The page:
I Savings Bonds Can Hedge Against Inflation
Savings bonds are an old-school money strategy, but one sort in particular is having a moment right now, with a 7.12 percent interest rate locked in until April.
Inflation-protected Series I savings bonds have attracted increased interest from savers and investors due to a failing stock market and inflation rising to 7.5 percent in January, the highest year-over-year gain in four decades. Collin Martin, director of fixed income at the Schwab Center for Financial Research, said, “I bonds haven’t made headlines in years.”
“And then when you see a rate at 6%+, you suddenly see a lot of interest from investors, so we’re getting a lot of questions there.”
“Any secure investment that provides a solid return is in high demand,” says Bridget Jones, creator and coach of Smart Sister Finance, a financial education resource for women. “Inflation fears make assets like Series I bonds appealing.”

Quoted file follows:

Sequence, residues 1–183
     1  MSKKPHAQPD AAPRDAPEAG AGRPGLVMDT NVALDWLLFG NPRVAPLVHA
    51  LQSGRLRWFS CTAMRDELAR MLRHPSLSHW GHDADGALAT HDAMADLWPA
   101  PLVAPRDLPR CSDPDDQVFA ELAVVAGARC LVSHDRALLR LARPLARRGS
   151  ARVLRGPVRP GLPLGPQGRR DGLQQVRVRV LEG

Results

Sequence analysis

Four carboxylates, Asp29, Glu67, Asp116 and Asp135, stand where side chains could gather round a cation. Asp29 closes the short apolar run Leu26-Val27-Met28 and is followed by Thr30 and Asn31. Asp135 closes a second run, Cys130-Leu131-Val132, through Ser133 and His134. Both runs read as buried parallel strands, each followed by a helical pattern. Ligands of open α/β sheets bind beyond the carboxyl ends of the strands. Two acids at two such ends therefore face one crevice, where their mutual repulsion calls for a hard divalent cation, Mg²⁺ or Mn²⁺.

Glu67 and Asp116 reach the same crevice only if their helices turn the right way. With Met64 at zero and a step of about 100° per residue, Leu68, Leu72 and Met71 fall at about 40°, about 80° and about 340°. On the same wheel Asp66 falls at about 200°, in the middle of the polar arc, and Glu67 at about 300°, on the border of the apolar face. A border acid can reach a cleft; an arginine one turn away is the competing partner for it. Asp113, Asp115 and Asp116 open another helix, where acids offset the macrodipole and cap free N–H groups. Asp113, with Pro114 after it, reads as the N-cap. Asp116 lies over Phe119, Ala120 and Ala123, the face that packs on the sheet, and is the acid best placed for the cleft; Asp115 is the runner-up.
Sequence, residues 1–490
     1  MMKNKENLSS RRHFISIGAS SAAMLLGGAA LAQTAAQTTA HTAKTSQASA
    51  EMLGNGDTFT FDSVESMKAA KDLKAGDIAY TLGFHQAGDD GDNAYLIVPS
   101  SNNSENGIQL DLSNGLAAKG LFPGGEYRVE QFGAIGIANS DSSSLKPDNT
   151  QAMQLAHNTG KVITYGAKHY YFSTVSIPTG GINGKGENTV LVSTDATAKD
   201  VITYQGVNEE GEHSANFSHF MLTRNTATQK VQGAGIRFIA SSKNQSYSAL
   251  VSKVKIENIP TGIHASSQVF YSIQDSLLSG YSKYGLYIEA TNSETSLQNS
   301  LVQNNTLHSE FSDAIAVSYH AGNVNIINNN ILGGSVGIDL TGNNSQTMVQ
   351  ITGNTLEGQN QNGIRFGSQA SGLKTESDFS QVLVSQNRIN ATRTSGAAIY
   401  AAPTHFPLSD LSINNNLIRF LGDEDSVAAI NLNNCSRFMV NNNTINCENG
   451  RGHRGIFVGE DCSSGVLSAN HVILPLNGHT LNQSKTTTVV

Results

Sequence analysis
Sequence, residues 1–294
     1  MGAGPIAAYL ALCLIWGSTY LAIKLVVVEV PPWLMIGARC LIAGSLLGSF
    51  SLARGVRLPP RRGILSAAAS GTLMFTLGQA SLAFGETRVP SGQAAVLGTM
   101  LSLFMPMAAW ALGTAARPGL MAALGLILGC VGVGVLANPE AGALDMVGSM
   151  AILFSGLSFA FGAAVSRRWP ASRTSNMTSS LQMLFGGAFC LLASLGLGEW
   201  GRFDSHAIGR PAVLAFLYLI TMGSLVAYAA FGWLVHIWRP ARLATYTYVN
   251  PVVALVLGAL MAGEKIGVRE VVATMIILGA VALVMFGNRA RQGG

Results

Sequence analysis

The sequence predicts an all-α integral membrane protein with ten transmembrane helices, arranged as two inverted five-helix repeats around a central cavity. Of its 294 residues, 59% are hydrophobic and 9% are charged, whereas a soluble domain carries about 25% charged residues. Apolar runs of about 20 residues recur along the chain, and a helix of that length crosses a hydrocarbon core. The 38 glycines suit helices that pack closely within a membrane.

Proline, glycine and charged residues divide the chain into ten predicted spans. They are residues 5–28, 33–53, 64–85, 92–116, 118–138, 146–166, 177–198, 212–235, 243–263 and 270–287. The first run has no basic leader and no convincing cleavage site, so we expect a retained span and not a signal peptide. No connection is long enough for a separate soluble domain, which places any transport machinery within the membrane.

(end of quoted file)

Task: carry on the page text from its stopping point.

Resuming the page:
Series I savings bonds are suddenly delivering a guaranteed return in accordance with conservative projections of what investors might anticipate from the stock market based on its performance over the previous 50 years, with an interest rate over 7% until April 2022. Here are three factors to consider when deciding if a Series I savings bond is right for you, according to three experts.
What Are Series I Savings Bonds?
Savings bonds issued by the federal government aren’t known for their high yields. Series I savings bonds, on the other hand, are linked to the rate of inflation, thus they are a good investment right now.
“A 7.12 percent yield is much above what a CD of any duration can offer at this juncture,” Jones adds, referring to certificates of deposit, which keep your money in an account for a fixed amount of time. CDs are now yielding yields that are typically less than 1%.